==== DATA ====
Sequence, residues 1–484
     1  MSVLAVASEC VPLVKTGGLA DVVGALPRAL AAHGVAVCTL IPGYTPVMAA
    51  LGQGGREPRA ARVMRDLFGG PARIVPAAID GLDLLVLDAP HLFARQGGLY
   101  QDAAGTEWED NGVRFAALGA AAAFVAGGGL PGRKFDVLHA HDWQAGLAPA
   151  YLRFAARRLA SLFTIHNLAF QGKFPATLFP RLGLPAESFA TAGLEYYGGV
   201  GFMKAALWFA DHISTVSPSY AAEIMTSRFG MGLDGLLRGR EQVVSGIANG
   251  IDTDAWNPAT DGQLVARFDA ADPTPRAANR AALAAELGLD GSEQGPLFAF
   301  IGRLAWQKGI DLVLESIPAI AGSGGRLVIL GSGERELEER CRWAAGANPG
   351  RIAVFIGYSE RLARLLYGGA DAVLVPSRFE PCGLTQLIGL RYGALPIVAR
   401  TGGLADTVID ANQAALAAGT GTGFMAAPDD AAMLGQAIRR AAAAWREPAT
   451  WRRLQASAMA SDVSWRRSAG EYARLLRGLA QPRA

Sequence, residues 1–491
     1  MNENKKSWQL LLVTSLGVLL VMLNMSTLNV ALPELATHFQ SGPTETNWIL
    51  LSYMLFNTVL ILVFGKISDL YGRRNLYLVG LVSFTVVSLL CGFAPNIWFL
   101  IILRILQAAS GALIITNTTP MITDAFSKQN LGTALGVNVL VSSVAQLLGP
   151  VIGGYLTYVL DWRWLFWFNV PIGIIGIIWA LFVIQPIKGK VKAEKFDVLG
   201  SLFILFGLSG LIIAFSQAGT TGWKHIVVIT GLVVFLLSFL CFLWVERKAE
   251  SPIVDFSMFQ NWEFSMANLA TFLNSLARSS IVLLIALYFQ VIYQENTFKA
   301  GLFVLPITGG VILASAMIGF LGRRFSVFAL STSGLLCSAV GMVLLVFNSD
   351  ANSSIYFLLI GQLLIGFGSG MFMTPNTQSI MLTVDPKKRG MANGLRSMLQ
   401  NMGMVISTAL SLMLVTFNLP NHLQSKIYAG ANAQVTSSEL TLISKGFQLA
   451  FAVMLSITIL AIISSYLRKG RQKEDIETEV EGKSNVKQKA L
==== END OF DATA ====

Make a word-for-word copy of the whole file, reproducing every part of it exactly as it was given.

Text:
Sequence, residues 1–484
     1  MSVLAVASEC VPLVKTGGLA DVVGALPRAL AAHGVAVCTL IPGYTPVMAA
    51  LGQGGREPRA ARVMRDLFGG PARIVPAAID GLDLLVLDAP HLFARQGGLY
   101  QDAAGTEWED NGVRFAALGA AAAFVAGGGL PGRKFDVLHA HDWQAGLAPA
   151  YLRFAARRLA SLFTIHNLAF QGKFPATLFP RLGLPAESFA TAGLEYYGGV
   201  GFMKAALWFA DHISTVSPSY AAEIMTSRFG MGLDGLLRGR EQVVSGIANG
   251  IDTDAWNPAT DGQLVARFDA ADPTPRAANR AALAAELGLD GSEQGPLFAF
   301  IGRLAWQKGI DLVLESIPAI AGSGGRLVIL GSGERELEER CRWAAGANPG
   351  RIAVFIGYSE RLARLLYGGA DAVLVPSRFE PCGLTQLIGL RYGALPIVAR
   401  TGGLADTVID ANQAALAAGT GTGFMAAPDD AAMLGQAIRR AAAAWREPAT
   451  WRRLQASAMA SDVSWRRSAG EYARLLRGLA QPRA

Sequence, residues 1–491
     1  MNENKKSWQL LLVTSLGVLL VMLNMSTLNV ALPELATHFQ SGPTETNWIL
    51  LSYMLFNTVL ILVFGKISDL YGRRNLYLVG LVSFTVVSLL CGFAPNIWFL
   101  IILRILQAAS GALIITNTTP MITDAFSKQN LGTALGVNVL VSSVAQLLGP
   151  VIGGYLTYVL DWRWLFWFNV PIGIIGIIWA LFVIQPIKGK VKAEKFDVLG
   201  SLFILFGLSG LIIAFSQAGT TGWKHIVVIT GLVVFLLSFL CFLWVERKAE
   251  SPIVDFSMFQ NWEFSMANLA TFLNSLARSS IVLLIALYFQ VIYQENTFKA
   301  GLFVLPITGG VILASAMIGF LGRRFSVFAL STSGLLCSAV GMVLLVFNSD
   351  ANSSIYFLLI GQLLIGFGSG MFMTPNTQSI MLTVDPKKRG MANGLRSMLQ
   401  NMGMVISTAL SLMLVTFNLP NHLQSKIYAG ANAQVTSSEL TLISKGFQLA
   451  FAVMLSITIL AIISSYLRKG RQKEDIETEV EGKSNVKQKA L